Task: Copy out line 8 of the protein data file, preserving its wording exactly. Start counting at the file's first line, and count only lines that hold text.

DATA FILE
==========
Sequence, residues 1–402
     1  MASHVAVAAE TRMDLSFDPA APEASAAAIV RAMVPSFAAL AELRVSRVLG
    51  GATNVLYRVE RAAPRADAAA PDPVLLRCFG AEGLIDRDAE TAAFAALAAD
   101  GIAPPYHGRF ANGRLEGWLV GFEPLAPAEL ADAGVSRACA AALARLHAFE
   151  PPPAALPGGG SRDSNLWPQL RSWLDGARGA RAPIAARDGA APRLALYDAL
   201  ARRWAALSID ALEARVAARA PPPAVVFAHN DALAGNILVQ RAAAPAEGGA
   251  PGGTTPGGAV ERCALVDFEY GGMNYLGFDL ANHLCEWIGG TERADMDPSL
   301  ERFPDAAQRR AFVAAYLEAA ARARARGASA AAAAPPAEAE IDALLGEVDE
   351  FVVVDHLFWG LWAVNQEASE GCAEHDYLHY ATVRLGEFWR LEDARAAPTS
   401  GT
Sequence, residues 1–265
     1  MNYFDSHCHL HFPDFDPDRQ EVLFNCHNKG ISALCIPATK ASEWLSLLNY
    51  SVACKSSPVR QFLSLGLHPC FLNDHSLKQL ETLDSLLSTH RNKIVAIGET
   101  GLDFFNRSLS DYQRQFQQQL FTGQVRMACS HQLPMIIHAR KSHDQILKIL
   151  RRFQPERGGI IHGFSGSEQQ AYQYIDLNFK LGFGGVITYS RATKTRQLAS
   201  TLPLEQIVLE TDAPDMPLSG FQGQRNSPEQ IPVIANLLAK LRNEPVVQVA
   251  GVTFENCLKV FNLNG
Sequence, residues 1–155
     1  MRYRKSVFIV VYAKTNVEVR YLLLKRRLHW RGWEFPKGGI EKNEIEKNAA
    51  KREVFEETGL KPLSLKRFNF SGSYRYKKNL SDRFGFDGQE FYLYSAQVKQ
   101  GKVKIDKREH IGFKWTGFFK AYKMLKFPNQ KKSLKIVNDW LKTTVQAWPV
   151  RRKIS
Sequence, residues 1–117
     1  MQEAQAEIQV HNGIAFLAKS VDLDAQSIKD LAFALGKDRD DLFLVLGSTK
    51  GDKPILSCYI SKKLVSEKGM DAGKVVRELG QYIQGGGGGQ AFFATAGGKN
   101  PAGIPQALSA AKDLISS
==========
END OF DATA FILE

   301  ERFPDAAQRR AFVAAYLEAA ARARARGASA AAAAPPAEAE IDALLGEVDE